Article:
Chapter -3

Legal Framework for Inspecting Riots

Art. 19 (1) (b) of the Indian Constitution lays down the fundamental right to organize meetings&take out processions, subject to the prerequisite that the assembly is peaceful & unarmed. At the same time, this right is precedented by public order as Art. 19 (3) empowers the government to impose reasonable restrictions when it is of the view that such an assembly is likely to lead to disruption of public tranquillity.The citizen’s right to protest which is a cornerstone of Indian democracy takes a violent turn when a peaceful assembly grows into a mob violence, creating an atmosphere of havoc & disruption. Chapter VIII (Sections 141 to 160) ofIPC& Sec. 149 to 152 of CrPCprovides a vast range of preventive & punitive measures against those who participate in unlawful assemblies. The fundamental requirements for the offence of rioting stipulates that there should be an assembly of at least five or more persons[22] that uses force in order to prosecute a common object which need not require prior concert and a common meeting of minds before the attack[23]. Besides, every unlawful assembly may not turn into a riot, however, every riot at its inception will be an unlawful assembly. Another notable element of rioting is that Sec. 149 IPC creates a constructive responsibility of all members of an unlawful assembly, even though the said individual may have had no intention of committing the offence & had done no overt act except to have his presence in the assembly & to share its common object. In addition, the law also provides for collective preventive & punitive action as often it becomes impossible to prevent the formation of an unlawful assembly or to secure its easy dispersal.

Sec. 144 of the Code of Criminal Procedure, 1973 (hereinafter CrPC”) offers for a preventive action through a general notice prohibiting such an assembly, providing wide applicability as curfew orders are also promulgated under this section. The intention is to prevent acts which has the potential to give rise to apprehended danger, prohibiting any objectionable activity in the interest of maintenance of peace. Alternatively, section 129 CrPC imparts punitive action as it empowers a magistrate or a police officer to command an assembly likely to distress the public tranquillity & to disperse it by using force if it does not pay heed to the same. Likewise, the magistrate is authorized to use the armed forces for the dispersal of unlawful assemblies under Sec. 130 CrPC.Notwithstanding the foregoing, the Unlawful Activities Prevention Act, 1967 (UAPA) was introduced in order to provide an effective way to prevent unlawful activities of individuals, associations & to deal with terrorist activities. It provides the investigating agencies with sweeping powers to arrest, search, & detain suspects based merely on “personal information.” Also, for up to 180 days i.e., three times the length of ordinary cases, an accused may be held under arrest without charge. Further, UAPA loosely holds that the government has the discretion to designate any organization as unlawful if it is of the view that the organization threatens or has the potential threat to the country’s “sovereignty & integrity,” or as promotes “enmity between dissimilar groups or as making “imputations prejudicial to national integration”. Consequently, in the first place itdoes provide excessive powers in the hands of the officials, moreover, it incriminates the fundamental right of association as well as by criminalising dissident voices & activities, the distinction between political opposition & criminal activity is diluted & as a result, contrasting ideologies, groups & beliefs are portrayed as the perpetrators.The SC, time after time has gone into the issue of whether these laws comply with the criterion of ‘reasonableness’ as mentioned under Article 19 of the Indian Constitution &is procedurally fair & adheres to the principle of natural justice. For instance, the Criminal Law Amendment (Madras) Act was declared unconstitutional by virtue of the fact that organisations that were proclaimed unlawful under the said Act were not provided an opportunity to defend themselves before an independent judicial authority[24].Conversely, it was held in the case of Jamaat-E-Islami Hind v. Union of India[25] that the existence of the statutory tribunals in the UAPA was an appropriate procedural safeguard that met the criteria of ‘reasonableness’ under Art. 19(4). However, alternatively, many infirmities as well have been recognised by the courts in these laws, though the same has not been addressed.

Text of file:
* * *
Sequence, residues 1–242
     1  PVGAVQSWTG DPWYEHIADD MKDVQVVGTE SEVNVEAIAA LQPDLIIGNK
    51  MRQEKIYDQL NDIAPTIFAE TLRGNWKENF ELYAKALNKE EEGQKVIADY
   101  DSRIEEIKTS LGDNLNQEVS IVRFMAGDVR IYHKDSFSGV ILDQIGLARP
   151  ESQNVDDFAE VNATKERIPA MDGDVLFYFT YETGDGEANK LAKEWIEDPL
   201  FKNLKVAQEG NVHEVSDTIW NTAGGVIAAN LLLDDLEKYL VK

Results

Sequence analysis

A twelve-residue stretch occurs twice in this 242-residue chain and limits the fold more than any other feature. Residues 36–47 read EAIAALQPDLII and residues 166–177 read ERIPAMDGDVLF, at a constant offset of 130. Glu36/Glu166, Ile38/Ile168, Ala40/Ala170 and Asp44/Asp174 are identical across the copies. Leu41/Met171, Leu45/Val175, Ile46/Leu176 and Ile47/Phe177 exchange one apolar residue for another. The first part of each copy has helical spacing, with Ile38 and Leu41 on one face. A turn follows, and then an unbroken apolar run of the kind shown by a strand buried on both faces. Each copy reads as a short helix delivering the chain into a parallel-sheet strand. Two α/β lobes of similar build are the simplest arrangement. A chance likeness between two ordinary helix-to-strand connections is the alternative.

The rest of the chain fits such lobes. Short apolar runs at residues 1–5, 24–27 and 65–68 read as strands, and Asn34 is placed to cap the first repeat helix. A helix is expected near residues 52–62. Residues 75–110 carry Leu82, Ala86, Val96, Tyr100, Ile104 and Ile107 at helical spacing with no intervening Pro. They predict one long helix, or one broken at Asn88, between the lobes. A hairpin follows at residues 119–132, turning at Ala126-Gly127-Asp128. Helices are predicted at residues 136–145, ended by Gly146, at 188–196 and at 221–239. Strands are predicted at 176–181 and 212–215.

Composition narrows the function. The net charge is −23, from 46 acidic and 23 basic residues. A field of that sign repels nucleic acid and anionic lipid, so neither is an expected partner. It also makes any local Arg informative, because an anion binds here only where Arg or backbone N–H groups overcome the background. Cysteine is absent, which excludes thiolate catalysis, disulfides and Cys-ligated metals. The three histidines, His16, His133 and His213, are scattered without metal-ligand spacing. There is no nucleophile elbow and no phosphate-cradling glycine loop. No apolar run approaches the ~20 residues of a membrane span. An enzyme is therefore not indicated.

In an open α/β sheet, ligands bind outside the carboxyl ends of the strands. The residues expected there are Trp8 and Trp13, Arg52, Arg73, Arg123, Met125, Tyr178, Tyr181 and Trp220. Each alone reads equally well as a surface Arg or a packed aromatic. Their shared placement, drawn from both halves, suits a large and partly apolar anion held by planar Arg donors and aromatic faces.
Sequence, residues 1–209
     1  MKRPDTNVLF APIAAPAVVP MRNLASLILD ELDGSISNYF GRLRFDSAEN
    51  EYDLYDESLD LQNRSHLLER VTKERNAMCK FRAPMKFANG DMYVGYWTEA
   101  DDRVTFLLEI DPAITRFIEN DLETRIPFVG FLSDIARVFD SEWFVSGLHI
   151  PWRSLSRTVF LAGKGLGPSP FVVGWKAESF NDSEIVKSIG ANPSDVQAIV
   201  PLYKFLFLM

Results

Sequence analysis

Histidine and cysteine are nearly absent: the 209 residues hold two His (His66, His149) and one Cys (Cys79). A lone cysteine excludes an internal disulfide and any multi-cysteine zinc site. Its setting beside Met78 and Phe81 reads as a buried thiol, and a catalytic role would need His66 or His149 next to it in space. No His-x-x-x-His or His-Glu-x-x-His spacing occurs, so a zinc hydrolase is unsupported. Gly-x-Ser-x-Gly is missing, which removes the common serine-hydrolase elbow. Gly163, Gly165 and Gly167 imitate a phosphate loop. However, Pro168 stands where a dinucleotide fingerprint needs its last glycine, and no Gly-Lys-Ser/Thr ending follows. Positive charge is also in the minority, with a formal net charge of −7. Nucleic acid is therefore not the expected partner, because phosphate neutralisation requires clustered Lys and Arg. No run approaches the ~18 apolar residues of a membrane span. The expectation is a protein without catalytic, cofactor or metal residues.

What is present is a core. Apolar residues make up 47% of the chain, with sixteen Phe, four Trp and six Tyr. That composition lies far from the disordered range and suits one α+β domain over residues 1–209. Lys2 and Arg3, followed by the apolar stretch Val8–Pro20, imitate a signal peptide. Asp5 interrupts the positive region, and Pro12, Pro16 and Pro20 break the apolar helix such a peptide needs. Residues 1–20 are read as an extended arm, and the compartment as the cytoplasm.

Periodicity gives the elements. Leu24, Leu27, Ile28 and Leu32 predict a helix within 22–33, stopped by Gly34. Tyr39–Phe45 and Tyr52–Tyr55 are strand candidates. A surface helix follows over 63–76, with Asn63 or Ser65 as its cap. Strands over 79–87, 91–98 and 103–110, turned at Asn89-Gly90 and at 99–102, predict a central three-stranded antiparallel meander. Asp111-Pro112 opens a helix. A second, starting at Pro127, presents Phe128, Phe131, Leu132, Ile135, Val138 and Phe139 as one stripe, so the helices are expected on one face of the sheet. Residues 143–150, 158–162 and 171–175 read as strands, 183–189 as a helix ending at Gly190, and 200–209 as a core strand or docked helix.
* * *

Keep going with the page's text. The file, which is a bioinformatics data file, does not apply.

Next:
Another special legislation is the Prevention of Damage to Public Property Act, 1984 (PDPP Act) which calls for criminal prosecution for the damage caused to the public property. It establishes only individual liability &does not inflict any form of collective liability on groups for causing such damage. In the light of legislative vacuum which was created when the SC was confronted with the question of destruction of public property during political mobilisations, the court proposed several amendments to the PDPP Act, such as, to incorporate a rebuttable presumption, to hold leaders of the organization who calls for such an action guilty of abetment & to facilitate the police personnel to organise for videography of the activities damaging public property[26]. It further recommended that the route taken to conduct peaceful march or protest should be reviewed & revised by the police & the organizers & was of the view that both the participants as well as the organisers be made liable for civil& punitive damages.

3.1 Legislative Bills & Amendments